Mainly through the work of the Kuramitsu Group at the Harima Research Institute, RSGI successfully cloned most of the genes of Thermus thermophilus, following which we began protein expression, purification, crystallization, and structure analysis. To date, the three-dimensional structures of over 300 proteins have been determined. When our results are combined with results from other groups around the world, we have the structures for around 20% of the proteins coded by Thermus thermophilus genome. The prokaryotic Thermus thermophilus is now the organism for which protein structure research is most advanced. We also worked on archaea, which are said to be the prototypes for eukaryotes.

Three-dimensional Structure Analysis Pipeline and its core technologies established during the Protein 3000 Project
This pipeline automates and accelerates the series of processes from protein sample preparation to structure analysis, and is being further developed.

The Next Challenge: Human and Mouse Proteins

X-ray Diffractometer and Protein Crystals

Three-dimensional protein structures are obtained from crystallized proteins by measuring X-ray diffraction data.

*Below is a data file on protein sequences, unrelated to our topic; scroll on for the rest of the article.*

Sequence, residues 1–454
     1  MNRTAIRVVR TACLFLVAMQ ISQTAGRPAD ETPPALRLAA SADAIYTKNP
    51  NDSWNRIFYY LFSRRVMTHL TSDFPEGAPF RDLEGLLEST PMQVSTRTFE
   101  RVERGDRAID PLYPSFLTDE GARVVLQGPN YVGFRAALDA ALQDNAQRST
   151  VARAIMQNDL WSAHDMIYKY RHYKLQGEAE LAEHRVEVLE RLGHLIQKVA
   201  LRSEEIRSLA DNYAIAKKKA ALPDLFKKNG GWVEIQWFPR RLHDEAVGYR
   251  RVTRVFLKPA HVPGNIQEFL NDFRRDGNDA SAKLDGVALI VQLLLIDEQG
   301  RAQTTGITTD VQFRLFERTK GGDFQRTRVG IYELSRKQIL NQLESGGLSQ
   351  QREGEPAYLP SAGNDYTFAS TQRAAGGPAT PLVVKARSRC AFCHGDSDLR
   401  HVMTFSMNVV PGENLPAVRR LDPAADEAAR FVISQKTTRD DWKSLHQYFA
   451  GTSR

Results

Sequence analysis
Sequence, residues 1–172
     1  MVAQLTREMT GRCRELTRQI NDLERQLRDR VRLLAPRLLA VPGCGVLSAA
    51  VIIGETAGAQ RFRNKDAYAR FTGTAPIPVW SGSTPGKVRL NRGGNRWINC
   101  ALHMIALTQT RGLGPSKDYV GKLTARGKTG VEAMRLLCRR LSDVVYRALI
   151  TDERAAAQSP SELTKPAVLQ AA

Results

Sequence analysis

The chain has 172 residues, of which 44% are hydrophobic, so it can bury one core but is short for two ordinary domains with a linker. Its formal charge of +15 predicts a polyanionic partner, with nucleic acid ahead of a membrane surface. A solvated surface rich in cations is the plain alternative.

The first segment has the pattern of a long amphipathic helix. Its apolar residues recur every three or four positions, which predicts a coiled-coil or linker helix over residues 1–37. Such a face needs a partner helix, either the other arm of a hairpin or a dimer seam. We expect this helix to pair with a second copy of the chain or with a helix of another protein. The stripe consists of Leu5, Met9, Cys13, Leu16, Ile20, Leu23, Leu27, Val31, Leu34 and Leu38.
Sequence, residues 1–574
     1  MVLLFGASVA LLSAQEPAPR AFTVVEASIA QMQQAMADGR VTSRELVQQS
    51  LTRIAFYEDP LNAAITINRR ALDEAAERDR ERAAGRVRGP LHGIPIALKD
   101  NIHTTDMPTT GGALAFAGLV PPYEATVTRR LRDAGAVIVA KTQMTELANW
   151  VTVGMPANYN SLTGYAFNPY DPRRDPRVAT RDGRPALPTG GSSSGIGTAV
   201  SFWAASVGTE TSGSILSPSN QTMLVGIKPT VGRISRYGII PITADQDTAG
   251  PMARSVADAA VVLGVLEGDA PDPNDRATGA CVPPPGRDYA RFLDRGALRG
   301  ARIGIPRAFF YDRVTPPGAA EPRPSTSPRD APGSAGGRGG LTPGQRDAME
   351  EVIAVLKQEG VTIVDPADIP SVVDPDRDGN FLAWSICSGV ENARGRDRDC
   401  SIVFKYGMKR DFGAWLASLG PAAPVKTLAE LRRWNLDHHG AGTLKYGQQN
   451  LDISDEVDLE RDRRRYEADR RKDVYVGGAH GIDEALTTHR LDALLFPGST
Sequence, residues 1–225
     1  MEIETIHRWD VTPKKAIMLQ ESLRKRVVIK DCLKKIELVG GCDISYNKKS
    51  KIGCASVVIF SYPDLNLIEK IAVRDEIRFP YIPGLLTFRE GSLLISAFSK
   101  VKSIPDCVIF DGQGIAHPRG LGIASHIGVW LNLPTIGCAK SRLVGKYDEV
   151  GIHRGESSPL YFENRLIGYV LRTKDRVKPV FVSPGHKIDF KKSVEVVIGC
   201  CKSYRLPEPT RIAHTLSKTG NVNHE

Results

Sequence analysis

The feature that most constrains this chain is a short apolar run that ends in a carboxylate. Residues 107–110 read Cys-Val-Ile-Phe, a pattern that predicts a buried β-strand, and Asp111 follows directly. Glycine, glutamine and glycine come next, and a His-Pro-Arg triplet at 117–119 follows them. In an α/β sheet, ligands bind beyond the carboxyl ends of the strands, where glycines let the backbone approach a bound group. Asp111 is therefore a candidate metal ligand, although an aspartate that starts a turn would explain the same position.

For human and mouse proteins, we have initially established a framework using the full length cDNA library, and then conducted analysis on functional domains of proteins involved in disease, drug design targets and other protein varieties. This work resulted in determination of the structures of approximately 1500 domains. While carrying out this research, we also semi-automated each step in the research process, from sample preparation to three-dimensional structure determination, and turned the whole process into a research pipeline. (See figure above) The use of cell-free protein synthesis systems as well as in vivo expression system has made high throughput sample preparation a reality. Prepared samples can then be screened with high efficiency in terms of favorable expression level and desirable properties. Samples can then be labeled with stable isotopes*1 and selenomethionine*2 for NMR analysis and MAD phasing method of X-ray crystallography respectively.
By the end of the 5-year project, we had succeeded to elucidate the structures of 1333 domains through X-ray crystallography, and 1342 through NMR analysis. This gave a total of 2675 structures, exceeding the RSGI target of 2500. In particular, the combined use of the cell-free protein synthesis system and NMR analysis to successfully analyze the structure of over 1300 domains set a new standard for structure analysis, and so deserves a special mention. To give a concrete example, we built up systematic structural information regarding the families of functional domains responsible for important functions such as signal transduction and transcription control in human cells. (See figure below)